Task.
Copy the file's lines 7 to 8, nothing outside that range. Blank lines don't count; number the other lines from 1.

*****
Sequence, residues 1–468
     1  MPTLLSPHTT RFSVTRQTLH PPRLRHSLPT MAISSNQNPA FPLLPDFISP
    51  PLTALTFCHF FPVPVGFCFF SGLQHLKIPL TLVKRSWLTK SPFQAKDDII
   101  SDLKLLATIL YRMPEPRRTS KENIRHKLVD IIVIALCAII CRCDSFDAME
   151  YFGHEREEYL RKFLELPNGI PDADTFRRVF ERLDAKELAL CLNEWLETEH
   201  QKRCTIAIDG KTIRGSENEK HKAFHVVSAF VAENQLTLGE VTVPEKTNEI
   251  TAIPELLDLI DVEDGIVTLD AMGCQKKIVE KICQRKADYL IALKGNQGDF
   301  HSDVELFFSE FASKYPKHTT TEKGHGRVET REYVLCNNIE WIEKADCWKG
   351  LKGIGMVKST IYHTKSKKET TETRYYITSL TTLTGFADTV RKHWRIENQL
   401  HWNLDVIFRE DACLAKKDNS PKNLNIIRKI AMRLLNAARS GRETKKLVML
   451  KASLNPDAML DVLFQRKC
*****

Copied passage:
   251  TAIPELLDLI DVEDGIVTLD AMGCQKKIVE KICQRKADYL IALKGNQGDF
   301  HSDVELFFSE FASKYPKHTT TEKGHGRVET REYVLCNNIE WIEKADCWKG